Friday morning, we were all up and in the dinghy by 0600 or so, and excited about our annual traditional “Rangi Ramble” - an hour hike to the top of a fairly recent volcanic cone where we sunshine, breakfast and stunning view of Auckland Harbour entrance await.
It’s amazing to think that the next America’s Cup race will be held right here in March 2021 and we as we motored up the harbour into stiff headwinds we hoped to see the first of the new foiling monohull AC boats, due to launch any day now, but had to be happy with crossing courses with an older Kiwi AC boat loaded with tourists and seriously over canvassed in the gusty westerly winds.
Before we knew it we were moored on D pier at Westhaven Marina. While Amanda and I checked in with the marina and picked up a rental car, our capable crew cleaned MT from stem to stern. We all delight in a tasty and fun graduation dinner at The Turkish Café in Ponsonby - a long-time favorite of ours which Amanda introduced me to when we first met in 1994.
Friday morning Amanda demo’d relashing our top mainsail slider and then with everyone lent a hand to lower the genoa, then main, to the finger pier where Mike, Gunnar and I inspected, folded, then lashed them, ready for off-season storage in MT’s forward shower while Val removed the battens and Pam prepared to go aloft to spray the new squeaking spinnaker block and seize the shackle.
And then – it was over. The final expedition of our 30th season. Amanda and I are now cleaning, repairing, and organizing Mahina Tiare and all her supplies and spares as we’ll be hopping on a big bird home to San Juan Island December 4th.
What a cracker season we’ve had – Thanks to the so many keen expedition members who sailed with us from many countries and walks of life, the several new exciting islands that welcomed us and the ever growing circle of old friends who graciously share their anchorages, islands, homes, meals, garden produce, music and dance with us.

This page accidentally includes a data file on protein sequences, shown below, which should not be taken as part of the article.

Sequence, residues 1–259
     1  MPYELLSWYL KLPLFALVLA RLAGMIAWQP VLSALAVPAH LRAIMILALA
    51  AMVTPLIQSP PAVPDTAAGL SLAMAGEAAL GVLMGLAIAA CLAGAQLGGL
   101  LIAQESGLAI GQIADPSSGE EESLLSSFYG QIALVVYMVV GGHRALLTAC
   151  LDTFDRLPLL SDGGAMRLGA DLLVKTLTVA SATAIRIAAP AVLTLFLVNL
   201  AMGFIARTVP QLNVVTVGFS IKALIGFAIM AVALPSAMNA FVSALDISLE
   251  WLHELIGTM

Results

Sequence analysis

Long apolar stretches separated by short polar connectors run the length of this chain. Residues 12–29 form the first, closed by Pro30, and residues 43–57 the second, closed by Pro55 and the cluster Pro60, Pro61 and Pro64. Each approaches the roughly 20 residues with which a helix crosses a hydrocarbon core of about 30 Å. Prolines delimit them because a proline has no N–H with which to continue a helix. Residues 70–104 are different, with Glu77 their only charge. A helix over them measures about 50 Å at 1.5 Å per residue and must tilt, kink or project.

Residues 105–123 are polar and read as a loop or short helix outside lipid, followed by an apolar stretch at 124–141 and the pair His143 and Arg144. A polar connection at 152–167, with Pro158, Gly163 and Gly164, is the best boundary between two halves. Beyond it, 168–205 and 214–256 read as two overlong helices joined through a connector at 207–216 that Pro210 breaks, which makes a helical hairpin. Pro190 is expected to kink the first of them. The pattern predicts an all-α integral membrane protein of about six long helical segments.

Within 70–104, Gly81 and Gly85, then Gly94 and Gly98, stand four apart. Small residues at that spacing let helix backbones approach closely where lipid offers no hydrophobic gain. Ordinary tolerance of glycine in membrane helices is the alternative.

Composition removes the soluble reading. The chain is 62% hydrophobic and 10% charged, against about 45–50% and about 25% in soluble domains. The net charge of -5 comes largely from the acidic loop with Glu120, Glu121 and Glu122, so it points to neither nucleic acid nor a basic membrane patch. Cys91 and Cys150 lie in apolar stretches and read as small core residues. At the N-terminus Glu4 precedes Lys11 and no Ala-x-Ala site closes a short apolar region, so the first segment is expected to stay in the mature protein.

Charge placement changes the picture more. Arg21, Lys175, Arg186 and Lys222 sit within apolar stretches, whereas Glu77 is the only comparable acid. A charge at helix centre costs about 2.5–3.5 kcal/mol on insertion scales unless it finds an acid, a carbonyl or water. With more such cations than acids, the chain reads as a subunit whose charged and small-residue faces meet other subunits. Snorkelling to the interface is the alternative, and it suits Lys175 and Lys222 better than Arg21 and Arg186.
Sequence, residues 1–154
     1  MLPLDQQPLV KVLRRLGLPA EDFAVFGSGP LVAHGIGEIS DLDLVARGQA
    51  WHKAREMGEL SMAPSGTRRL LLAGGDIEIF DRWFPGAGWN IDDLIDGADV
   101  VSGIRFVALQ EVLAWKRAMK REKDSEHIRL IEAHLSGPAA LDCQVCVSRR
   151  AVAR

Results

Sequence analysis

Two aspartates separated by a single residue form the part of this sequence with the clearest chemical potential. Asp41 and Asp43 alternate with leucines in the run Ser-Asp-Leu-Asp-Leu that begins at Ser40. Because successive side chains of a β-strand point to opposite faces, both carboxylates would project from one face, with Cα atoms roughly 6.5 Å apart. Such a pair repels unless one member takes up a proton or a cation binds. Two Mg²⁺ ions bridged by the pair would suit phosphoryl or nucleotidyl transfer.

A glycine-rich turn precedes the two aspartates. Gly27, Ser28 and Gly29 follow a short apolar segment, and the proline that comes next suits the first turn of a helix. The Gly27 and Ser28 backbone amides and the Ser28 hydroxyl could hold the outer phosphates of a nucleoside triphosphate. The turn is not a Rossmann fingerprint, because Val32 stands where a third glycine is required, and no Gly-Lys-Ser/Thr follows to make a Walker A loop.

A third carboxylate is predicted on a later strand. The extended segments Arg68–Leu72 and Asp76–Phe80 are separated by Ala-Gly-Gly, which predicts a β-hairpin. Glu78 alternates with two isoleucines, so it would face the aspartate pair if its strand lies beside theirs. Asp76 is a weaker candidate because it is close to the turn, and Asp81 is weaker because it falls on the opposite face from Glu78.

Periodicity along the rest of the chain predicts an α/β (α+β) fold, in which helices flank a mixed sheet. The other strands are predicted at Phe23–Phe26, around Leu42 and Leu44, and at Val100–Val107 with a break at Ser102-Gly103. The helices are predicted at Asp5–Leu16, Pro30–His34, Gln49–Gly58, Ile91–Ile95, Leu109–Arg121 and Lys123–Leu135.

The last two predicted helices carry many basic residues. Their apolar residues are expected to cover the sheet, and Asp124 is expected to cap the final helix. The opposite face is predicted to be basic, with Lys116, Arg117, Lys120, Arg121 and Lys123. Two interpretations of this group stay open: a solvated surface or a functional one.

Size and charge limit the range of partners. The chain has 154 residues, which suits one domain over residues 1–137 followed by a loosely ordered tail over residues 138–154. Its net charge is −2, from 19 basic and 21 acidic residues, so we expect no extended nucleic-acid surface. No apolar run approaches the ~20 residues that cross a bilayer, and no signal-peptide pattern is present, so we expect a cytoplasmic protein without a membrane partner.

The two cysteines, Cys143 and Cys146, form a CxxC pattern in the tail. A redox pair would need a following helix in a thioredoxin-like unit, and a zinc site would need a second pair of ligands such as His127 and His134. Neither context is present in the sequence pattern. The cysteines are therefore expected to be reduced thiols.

Also a big Mahalo to all the support crew for Mahina Expeditions and those of you who follow us and share our adventures.
Seattle Boat Show – January 24-26
We’ve been invited to present eight free one-hour seminars Jan 24-26 and are inviting anyone interested in joining us for an expedition (or Boat Purchase Consultation) to join us at Jimmy’s on First, adjacent to the main boat show entrance for drinks and/or dinner at 6 pm on Sat, Jan 25.
Vancouver Boat Show, Canada: February 6 & 7
We’re very honored to have been asked to present both free one-hour seminars February 6 & 7, plus for the first time ever, our Offshore Cruising Seminar Feb 8 at the Vancouver Boat Show. Previous EM’s Tom Hawkins and Margy & Monty have offered us places to stay at Whistler Mountain, so it won’t be all work on this trip!
Anacortes, WA Two-Day Hands-On Cruising Workshop, March 21 & 22
The first offering of this workshop quickly sold out last year, and no wonder? Where else can you find hands-on diesel engine instruction in a tech college facility, sail repair with Sailrite machines, marine electrical lab and rigging and ropework sessions combined with our Offshore Seminar? Don’t forget, there’s pizza, beer and live music at Village Pizza, just down the street from the Marine Tech Center.
Pacific Boat Show in Richmond, CA (SF Bay), April 16-19
What a great program! Nigel Calder will be presenting his new two-day Marine Electrical Systems seminar Friday and Saturday, then will join us Sunday for our Offshore Cruising Seminar. We’re also participating in Sarah Curry’s high-energy Offshore Cruising Forum on Saturday and will be present several additional free seminars Friday and Saturday.
Annapolis Boat Show, April 24 & 25
On Friday we’ll be presenting several 90-minute fee seminars, followed by Amanda introducing the new Sony Pictures documentary, MAIDEN, Friday night, free for all Cruisers University attendees!
Saturday, April 25 we’re honored to be presenting our Offshore Cruising Seminar as part of the Cruisers University program.
We hope to see you at one of these events! Any questions – you’re always welcome to contact us: firstname.lastname@example.org.
Cheers for now,
John & Amanda